Control Structures           if condition:                      while condition:              statements                  ...
Grouping Indentation                                                                          0           In Python:      ...
Functions, Procedures           def name(arg1, arg2, ...):             """documentation""" # optional doc string          ...
Example Function           def gcd(a, b):               "greatest common divisor"               while a != 0:             ...
Classes           class name:             "documentation"             statements           -or-           class name(base1...
Example Class           class Stack:             "A well-known data structure…"             def __init__(self):           ...
Using Classes           • To create an instance, simply call the class object:                  x = Stack()       # no new...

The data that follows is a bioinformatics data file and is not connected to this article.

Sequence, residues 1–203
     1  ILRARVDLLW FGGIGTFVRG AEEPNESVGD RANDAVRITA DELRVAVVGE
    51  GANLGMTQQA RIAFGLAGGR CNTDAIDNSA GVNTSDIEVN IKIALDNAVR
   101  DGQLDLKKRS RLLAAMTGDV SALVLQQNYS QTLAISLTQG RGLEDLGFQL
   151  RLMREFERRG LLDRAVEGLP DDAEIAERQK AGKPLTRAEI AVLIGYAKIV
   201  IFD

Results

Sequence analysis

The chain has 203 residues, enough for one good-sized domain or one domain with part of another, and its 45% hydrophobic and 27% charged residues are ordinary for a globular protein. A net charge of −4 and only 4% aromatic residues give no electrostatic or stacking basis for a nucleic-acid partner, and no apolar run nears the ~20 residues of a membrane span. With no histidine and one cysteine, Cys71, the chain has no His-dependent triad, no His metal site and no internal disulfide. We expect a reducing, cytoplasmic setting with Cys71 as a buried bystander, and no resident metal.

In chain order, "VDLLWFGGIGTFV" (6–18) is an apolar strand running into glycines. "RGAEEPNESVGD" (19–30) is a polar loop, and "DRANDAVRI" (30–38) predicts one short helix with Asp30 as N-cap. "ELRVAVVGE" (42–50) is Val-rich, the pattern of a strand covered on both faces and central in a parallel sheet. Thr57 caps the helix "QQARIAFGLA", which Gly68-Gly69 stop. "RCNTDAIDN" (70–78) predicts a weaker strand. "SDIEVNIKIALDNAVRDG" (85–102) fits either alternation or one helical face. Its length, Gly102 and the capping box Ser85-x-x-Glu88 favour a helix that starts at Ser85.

Subclassing           class FancyStack(Stack):             "stack with added ability to inspect inferior stack items"     ...
Subclassing (2)           class LimitedStack(FancyStack):             "fancy stack with limit on stack size"             d...
Class / Instance Variables           class Connection:             verbose = 0                                  # class va...
Instance Variable Rules           • On use via instance (self.x), search order:              – (1) instance, (2) class, (3...
Modules           • Collection of stuff in foo.py file              – functions, classes, variables           • Importing ...
Packages           • Collection of modules in directory           • Must have __init__.py file           • May contain sub...
Catching Exceptions           def foo(x):             return 1/x           def bar(x):             try:                pri...
Try-finally: Cleanup           f = open(file)           try:              process_file(f)           finally:              ...
Raising Exceptions           • raise IndexError           • raise IndexError("k out of range")           • raise IndexErro...
More on Exceptions           • User-defined exceptions              – subclass Exception or any other standard exception  ...